Thanks to the publisher for a digital advance reader's copy provided via NetGalley.

Wednesday, November 21, 2012

Review: After

After: Nineteen Stories of Apocalypse and Dystopia
Edited by Ellen Datlow and Terri Windling
Published 2012 by Hyperion

From award-winning editors Datlow and Windling comes a new collection of short stories to capture our attention - today's best young adult authors take turns pondering what the world looks like "after." After what? Well, any variety of global disaster or apocalypse.

I read two short stories anthologies back to back; this was the second. It reminded me of how much I enjoy reading short stories - you get just a little snippet of a tale and are almost always left wanting, which I think is excellent. I always forget about reading short stories and anthologies, so I'm glad this one was brought to my attention. Amazingly, I've only read one other anthology edited by the award-winning duo, though many of them have caught my eye. I'm glad I didn't let this one slip past - it definitely makes me want to go out and get their other books.

As with any anthology, I had my favorites and my not-so-favorites. My favorites included:
- "The Segment": excellent way to open the anthology. This story makes you feel like you should know what's going on, but also like you're still catching up to the new rules. I thought it was a really interesting premise and I loved the blending of our society's television culture with the dystopia.

- "After the Cure": I've enjoyed Carrie Ryan's Forest of Hands and Teeth series and have been wondering what she'll do next. This story shows that she has many more tricks and ideas up her sleeve and I can't wait to discover them. I thought this was absolutely brilliant - perfectly taut and suspenseful while also striking the right emotional pitch.

- "Valedictorian": a perfect example of how wonderful it is to be left wanting more. I think this tale could definitely be fleshed out into a larger work, but I also love just getting a sneak peek at it.

- "The Other Elder": I had very little interest in the Across the Universe series by Beth Revis, you know, because of my aversion to things set in space. This is a short story set in that world (it seems a lot of young adult authors are doing this sort of thing nowadays) and it was intriguing enough that I might check out the series proper. I thought it was well-done and provided just a snapshot of a series that must be rich with its own mythology.

- "Reunion": another one where you feel like you know what's going on but also like you have no idea. This one surprised me and that is definitely a good thing. I'm a big fan of Pfeffer's Moon trilogy but I didn't like her latest novel. This story reminded me why I enjoyed her earlier titles - she has skill.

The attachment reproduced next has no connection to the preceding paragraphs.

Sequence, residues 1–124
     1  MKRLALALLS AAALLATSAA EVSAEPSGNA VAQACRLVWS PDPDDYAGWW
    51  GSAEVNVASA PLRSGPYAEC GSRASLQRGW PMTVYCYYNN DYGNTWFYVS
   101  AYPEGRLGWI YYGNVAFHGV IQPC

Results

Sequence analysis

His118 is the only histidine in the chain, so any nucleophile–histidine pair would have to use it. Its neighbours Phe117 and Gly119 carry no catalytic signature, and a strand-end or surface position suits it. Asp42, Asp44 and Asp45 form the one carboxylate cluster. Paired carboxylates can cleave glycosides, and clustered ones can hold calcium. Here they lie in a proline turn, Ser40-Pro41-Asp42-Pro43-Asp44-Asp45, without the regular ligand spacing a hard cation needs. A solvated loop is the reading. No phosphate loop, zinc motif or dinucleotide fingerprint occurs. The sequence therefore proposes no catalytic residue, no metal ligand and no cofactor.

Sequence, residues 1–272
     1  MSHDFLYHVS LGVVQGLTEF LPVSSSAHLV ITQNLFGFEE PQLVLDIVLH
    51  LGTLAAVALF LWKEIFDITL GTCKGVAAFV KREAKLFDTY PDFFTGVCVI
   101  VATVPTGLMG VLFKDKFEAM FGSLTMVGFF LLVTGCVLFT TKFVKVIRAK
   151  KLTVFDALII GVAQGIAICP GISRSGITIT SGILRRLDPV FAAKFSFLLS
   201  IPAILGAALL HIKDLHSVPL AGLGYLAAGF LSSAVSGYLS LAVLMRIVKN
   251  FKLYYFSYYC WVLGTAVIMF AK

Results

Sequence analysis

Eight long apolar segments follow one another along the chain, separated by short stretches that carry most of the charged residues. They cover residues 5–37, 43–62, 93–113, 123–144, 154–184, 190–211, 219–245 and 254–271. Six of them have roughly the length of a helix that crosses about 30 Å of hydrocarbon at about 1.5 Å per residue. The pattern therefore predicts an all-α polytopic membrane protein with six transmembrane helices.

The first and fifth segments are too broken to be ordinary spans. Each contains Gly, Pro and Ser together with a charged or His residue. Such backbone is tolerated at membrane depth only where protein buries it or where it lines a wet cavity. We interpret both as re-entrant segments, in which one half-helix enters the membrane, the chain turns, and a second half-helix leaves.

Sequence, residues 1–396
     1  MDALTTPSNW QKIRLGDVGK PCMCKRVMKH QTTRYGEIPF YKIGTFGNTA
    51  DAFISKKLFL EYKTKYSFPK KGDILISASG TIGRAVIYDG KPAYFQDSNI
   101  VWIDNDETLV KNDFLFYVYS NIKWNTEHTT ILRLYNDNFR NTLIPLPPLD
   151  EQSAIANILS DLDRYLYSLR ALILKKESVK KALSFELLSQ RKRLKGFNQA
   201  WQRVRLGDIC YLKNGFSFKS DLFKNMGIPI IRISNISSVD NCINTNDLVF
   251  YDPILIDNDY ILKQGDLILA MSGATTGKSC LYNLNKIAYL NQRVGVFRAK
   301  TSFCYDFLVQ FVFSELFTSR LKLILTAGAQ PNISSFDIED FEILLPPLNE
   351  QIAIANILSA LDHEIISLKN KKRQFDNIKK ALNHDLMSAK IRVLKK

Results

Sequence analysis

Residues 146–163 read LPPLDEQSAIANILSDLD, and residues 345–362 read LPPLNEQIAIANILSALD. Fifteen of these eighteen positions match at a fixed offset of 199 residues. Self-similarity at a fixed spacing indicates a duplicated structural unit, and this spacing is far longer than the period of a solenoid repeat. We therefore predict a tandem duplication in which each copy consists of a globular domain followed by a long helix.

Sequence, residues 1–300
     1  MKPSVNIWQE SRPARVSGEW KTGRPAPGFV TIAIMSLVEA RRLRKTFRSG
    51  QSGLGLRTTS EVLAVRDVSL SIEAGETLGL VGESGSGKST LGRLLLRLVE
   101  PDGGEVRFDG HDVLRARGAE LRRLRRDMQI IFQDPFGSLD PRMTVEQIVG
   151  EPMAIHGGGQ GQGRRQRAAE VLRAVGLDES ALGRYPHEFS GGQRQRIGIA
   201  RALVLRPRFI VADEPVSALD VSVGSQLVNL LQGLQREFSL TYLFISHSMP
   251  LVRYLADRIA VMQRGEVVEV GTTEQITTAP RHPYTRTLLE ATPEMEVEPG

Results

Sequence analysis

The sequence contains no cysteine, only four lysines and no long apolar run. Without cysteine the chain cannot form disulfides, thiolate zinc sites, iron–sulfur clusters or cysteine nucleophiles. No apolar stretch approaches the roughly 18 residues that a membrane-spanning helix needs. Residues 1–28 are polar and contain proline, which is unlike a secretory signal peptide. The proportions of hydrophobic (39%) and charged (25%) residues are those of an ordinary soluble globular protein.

- "Faint Heart": damn you, Sarah Rees Brennan! Why do you continue to be so frustratingly amazing? This was a story where the fact that you only get a snippet is more frustrating than exciting. Brennan has got a fantastic premise here and a definite cliffhanger ending that made me wanting to know more. Brennan clearly has a wonderful imagination and excellent skills as a writer. More, please!

- "The Easthound": vague enough on the details of the world to make me curious but willing to believe it all without question. This one packed an emotional punch and I absolutely loved the voice created here.

- "You Won't Feel a Thing": I absolutely adored Garth Nix's Abhorsen trilogy and have been meaning to read more of his work ever since. Reading this story may have given me the kick in the pants I need. This is a story set in the same world as his novel, Shade's Children. It's stunningly written (no surprise there) and definitely made me want to know more.

- "The Marker": I've only just been introduced to Cecil Castellucci but she is consistently surprising me. She seems to be able to write anything and write it well. This was a really haunting but hopeful piece and a wonderful way to end the collection.

Overall, more hits than misses in this anthology and I have a number of authors to check out now - one of the best things about reading an anthology is discovering a new writer to love. Teens will love this one!

Thanks to the publisher for a digital advance reader's copy provided via NetGalley.

Monday, November 19, 2012

Review: The Scorpio Races

The Scorpio Races
By Maggie Stiefvater
Published 2011 by Scholastic

Every November, the people of Thisby run a race. This race is a matter of life and death, as riders and spectators contend with the wild capaill uisce - deadly, man-eating horses from the sea - in their attempts to win. For Puck Connolly, this race is about family and the island she loves more than anything. For Sean Kendrick, the race is about his freedom and the price he will pay for it. For them both, the race is about discovering their strength and changing their lives.

I know, I know - I'm late to the party here. It's really frustrating because I actually got an ARC of this back at ALA Annual in 2011 and just couldn't find the time to fit it in. Then it went and won all those fancy awards and I felt like even more of a bonehead for not having read it. Well, I intended to rectify that as soon as possible - turns out that still meant a long time later, but now I've finally finished it.

I know Stiefvater has a lot of fans - she's become a very popular author because of her pure writing talent, emotionally gripping stories, and active online presence. From following her on Twitter, reading her blog, watching some of the videos she's created, and seeing her speak in a webinar, I find that I think Stiefvater would be a really kick-ass person to know. She's insanely creative and talented, and she has tons of fascinating interests - I think she'd be awesome to just sit down and have a conversation with. What is the point of my telling you all this? Well, despite how truly awesome I think Stiefvater is as a person, I was still not 100% on board the Stiefvater train for her books. I actually read and finished The Raven Boys while I was in the middle of reading that one and, if you read my review, you'll see that one got me on the train. It actually made me more excited to keep reading this book.